I’ve commented a couple of times on various TIA posts about my devotion to the Core Fusion exercise program offered at the Exhale mini-empire of spas.  (Exhale has five locations in New York City as well as facilities in the Hamptons; in the Los Angeles area; in Miami and Palm Beach; in Atlanta; in Boston; in Dallas; and, in case you’re in the neighborhood, on Turks and Caicos in the Caribbean.]  But while I’m a very frequent visitor, I had never tried any of their spa services, except for one massage last year.  (Fabulous.  One of the best ever.)  I’m usually the one slinking past the spa guests in their crisp cotton robes as I make my way from class.

Yesterday afternoon I took a yoga class and saw a one-day offer posted in the studio for a discount on their signature 60-minute facial.  They do offer specials on spa services during the quiet of summer for clients who take classes.  I wasn’t looking forward to going out into the sticky afternoon, and had a couple of hours free.  And while this week’s epic heat and humidity at least means I’m not struggling with dry skin, I’ve been particularly unhappy with my face – clogged pores, a couple of stubborn breakouts prominently displayed on my chin, etc.  Sweaty, clammy, miserable weather and skin to match.  So I gave in to temptation and experienced Exhale’s “True” facial.

“True” is one of a menu of facial treatments Exhale offers.  The repertoire includes cleansing and brightening facials, various peels, and treatments with ultrasonic, micro current, and light (LED?) based devices.  I have never been a big believer in facials—to me, they are more of a relaxation gimmick (low lights, nice new age music, all that steam), pleasant but not really therapeutic.  I’ve only had about a half-dozen in my life; maybe I’d feel differently if I did them regularly.  But I do value the deep cleansing and the professional removal of debris from those pores.

My next hour was a nice surprise and exceeded my expectations, I think in part because the aesthetician I was lucky enough to get had a particularly deft and practiced touch.  The room was attractive, and suitably dark, cool, and comfortable.  Cleansing; a nice arm and shoulder massage while the steam worked on my face; the all-important “extraction” (all over the face, and done especially gently and quickly) and vanquishing of those chin zits; application of a lovely hydrating masque with more steam (scalp massage, and then a quiet few minutes).  Application of serums (eye, lip) and bit of moisturizer, and the hour was gone.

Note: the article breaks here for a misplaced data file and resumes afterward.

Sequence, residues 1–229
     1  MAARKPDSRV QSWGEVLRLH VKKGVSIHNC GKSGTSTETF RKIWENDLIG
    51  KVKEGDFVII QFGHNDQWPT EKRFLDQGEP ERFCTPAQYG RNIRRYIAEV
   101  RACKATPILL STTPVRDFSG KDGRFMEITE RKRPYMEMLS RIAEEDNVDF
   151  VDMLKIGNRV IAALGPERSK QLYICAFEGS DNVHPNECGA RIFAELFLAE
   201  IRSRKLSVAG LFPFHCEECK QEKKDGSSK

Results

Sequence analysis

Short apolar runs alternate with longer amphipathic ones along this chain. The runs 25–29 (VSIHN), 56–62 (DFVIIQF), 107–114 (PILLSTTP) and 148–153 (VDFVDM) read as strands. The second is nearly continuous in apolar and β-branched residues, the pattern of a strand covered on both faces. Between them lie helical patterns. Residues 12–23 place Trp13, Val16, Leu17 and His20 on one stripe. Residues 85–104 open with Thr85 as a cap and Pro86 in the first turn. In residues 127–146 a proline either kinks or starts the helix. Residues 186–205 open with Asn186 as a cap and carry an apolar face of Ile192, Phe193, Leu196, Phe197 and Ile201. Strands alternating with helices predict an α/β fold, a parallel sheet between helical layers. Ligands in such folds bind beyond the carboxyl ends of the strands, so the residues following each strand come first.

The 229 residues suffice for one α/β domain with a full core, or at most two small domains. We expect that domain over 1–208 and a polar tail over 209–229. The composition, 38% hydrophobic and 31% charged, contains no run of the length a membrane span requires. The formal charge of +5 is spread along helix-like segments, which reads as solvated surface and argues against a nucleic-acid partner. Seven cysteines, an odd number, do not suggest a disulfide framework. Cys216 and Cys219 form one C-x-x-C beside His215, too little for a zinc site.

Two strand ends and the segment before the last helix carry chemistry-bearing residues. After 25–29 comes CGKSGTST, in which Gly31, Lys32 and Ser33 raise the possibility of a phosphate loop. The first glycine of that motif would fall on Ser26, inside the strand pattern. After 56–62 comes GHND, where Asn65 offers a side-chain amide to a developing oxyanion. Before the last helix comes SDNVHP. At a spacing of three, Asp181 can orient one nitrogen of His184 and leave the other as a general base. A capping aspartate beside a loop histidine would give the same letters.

I wondered afterwards what products had been used—to her credit, Mila, my facialist, didn’t accompany her blandishments with a sales pitch.  I knew she mentioned something about avocado as an ingredient, and that when she applied the moisturizing masque, I got a lovely hit of rosemary.  The retail desk staff told me when I asked that the spa practitioners choose from the several brands Exhale carries.  The lines I noted were Kahina, which has rated mentions on TIA for its argan-oil based products; Sircuit Skincare, also covered on TIA; Shaffali Skincare (an ayurvedic slant); Actifirm (another “natural” professional line); and IS Clinical, whose eye cream ranked a TIA “5 Best” in 2010.   But I’m pretty sure that Mila used a range called 302 Professional Skincare.

302 Skincare’s claim to uniqueness is its proprietary molecule Avogen™, “a 302 molecular weight alkenyl furan,”  a “natural lipid” derived from a rainforest species of avocado.  I leave it to the wiser heads at TIA to evaluate this claim (and its meaning), but glancing through the (extensive) product portfolio, the offerings seem to include, as promised, botanical and herbal extracts and oils, peptides, and vitamins, largely organic and largely preservative-free.  In addition to anti-aging, 302 offers products targeted at acne, uneven pigmentation, and chronic inflammation and rosacea.  They look like they might be worth a gander by TIA.

Mila pronounced my face brighter, and it certainly feels clean, smooth, and plump.  I’m still not sure what I really think about facials, and how much of the benefit is purely psychological versus serious treatment.  But I think I’ll visit Mila again.